Woodland Management

I offer a comprehensive tree and woodland management service and can work with you to fulfil your vision for your land. I am able to advise you on all aspects of woodland management and can evolve a detailed management plan to suit both your requirements and your budget. I am then happy to undertake specific projects or ongoing maintenance programmes.

All of my operators hold chainsaw certificates and adhere to the highest heath and safety standards.

Planning and design
Annual management
Squirrel control
Deer management
Thinning and felling
Coppice working and restoration
Scrub clearance
Weed control
Felling licence application
Grant application
Timber sales

Tree Surgery

I work to BS3998(2010) (Recommendations for Tree Work), and AFAG (Arboriculture & Forestry Advisory Group) recommendations. My contractors are members of the Arboricultural Association and, as such, always adhere to industry best practice.

All operators are fully trained and experienced. Third party liability insurance is in place to the value of £5 million per claim. All cut material is recycled.

Tree risk assessment is a feature of my consultancy service and I am a licensee for the QTRA (Quantified Tree Risk Assessment) system.

I am able to offer the following services:

Felling licence application
Willow pollarding
Crown reduction
Limb removal
Stump grinding end extraction
Qualified tree surgeon for problem trees
Tree surveys and reporting


Why is Woodland Important?

The intensification of land use, disease and non-native invasive species have all taken their toll on woodland in Britain. The country’s woodland cover is now a mere 13% compared to the EU average of 37%. This depletion of woodland had seriously impacted the environment. Wildlife rich habitats have disappeared or become fragmented and the landscape is more prone to flooding during the dramatic weather events caused by climate change. Air and water quality have also been affected.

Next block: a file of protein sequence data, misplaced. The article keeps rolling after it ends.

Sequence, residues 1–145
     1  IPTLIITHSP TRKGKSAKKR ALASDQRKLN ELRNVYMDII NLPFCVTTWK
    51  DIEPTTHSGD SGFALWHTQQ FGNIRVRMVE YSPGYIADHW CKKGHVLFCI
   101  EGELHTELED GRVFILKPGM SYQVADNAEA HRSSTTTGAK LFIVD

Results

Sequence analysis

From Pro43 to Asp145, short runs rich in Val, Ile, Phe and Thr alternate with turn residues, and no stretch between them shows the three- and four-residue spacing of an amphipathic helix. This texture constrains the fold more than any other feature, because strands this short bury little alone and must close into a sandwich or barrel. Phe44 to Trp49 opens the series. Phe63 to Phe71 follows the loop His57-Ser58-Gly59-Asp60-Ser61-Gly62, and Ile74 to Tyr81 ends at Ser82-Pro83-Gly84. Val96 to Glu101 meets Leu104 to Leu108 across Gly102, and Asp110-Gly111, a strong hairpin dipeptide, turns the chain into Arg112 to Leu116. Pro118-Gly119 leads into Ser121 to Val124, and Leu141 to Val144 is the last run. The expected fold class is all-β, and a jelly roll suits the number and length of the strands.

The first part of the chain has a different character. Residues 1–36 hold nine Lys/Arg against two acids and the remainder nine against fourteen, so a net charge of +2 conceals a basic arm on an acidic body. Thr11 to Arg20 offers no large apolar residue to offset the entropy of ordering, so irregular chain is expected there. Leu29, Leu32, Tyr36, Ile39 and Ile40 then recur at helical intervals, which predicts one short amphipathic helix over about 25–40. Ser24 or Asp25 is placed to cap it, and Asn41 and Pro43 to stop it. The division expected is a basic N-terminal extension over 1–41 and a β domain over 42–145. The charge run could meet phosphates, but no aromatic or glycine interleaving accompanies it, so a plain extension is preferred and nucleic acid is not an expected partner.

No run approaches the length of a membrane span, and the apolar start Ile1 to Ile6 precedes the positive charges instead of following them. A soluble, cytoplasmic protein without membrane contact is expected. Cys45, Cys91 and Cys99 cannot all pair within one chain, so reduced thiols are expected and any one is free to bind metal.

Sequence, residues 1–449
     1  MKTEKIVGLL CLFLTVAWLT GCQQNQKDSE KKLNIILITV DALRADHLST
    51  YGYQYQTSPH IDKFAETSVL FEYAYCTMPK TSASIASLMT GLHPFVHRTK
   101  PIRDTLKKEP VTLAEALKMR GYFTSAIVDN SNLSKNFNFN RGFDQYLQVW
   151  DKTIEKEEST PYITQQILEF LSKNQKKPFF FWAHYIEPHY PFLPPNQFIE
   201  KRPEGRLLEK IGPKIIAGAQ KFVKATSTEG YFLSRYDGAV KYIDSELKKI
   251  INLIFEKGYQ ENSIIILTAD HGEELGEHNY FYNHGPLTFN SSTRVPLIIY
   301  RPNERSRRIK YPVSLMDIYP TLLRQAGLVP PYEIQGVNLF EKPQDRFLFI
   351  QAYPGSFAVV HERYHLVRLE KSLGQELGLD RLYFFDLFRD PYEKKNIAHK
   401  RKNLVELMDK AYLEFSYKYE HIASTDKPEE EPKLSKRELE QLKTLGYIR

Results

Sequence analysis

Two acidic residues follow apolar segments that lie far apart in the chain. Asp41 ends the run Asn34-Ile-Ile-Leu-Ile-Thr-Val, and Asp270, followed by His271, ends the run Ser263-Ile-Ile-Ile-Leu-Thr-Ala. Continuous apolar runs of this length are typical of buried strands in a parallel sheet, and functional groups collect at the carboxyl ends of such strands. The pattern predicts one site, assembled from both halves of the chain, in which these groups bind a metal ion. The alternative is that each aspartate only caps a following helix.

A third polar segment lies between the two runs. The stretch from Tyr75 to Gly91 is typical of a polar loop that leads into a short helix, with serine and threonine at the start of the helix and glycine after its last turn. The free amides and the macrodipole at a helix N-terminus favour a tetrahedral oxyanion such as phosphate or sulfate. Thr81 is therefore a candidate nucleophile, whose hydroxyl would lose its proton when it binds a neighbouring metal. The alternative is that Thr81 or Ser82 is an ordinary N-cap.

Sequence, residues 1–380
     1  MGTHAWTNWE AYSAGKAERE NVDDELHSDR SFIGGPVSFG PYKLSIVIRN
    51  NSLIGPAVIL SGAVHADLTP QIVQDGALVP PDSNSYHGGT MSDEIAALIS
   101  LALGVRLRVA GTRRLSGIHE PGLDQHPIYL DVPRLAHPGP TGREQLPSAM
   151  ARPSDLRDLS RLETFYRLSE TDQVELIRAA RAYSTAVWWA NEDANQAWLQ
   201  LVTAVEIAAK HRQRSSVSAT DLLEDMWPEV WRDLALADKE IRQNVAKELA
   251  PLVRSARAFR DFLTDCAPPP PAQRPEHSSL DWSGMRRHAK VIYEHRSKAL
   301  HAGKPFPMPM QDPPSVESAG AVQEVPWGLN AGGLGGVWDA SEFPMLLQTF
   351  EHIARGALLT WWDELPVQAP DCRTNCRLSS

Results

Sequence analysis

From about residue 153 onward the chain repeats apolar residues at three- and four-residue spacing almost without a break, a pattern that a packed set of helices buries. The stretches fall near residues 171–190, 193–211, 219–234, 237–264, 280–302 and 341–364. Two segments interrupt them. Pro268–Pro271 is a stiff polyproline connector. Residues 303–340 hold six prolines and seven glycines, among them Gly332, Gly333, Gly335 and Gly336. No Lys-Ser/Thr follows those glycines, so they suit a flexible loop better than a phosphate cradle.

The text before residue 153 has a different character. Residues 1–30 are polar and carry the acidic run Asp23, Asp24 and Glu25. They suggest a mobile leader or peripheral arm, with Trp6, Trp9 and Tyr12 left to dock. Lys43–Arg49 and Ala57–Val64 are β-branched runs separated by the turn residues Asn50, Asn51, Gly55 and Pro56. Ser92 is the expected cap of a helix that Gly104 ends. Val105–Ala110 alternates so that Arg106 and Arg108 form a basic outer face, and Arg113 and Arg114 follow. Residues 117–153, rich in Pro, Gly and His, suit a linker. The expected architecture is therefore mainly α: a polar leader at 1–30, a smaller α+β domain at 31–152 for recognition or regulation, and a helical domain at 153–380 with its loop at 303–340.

Ancient woodlands are particularly significant for wildlife. You may have thought that the woodlands can be left alone and will take care of themselves, but sadly this is not the case. For a woodland to be self-sustaining, the process of death and renewal need to be in perfect balance and the area of woodland must be vast.

Unfortunately, as human civilisation developed, people began clearing woodland for agriculture and using wood for construction and heating. The woodland was tamed and many species became adapted to a more managed landscape.

Few areas of woodland have remained immune from human exploitation. But woodland can be restored and new woodland can be established. Woodland old and new provides crucial habitats for flora and fauna and helps to connect disparate habitats across the landscape.

The trees absorb pollution, greenhouse gases and carbon dioxide whilst reducing noise. Areas of woodland bring pleasure to millions of people. Timber is a saleable commodity for land owners. Rare trees which yield beautiful veneers, wood for fuel and wood chip all deliver financial returns. Our woodlands are worthy of our attention!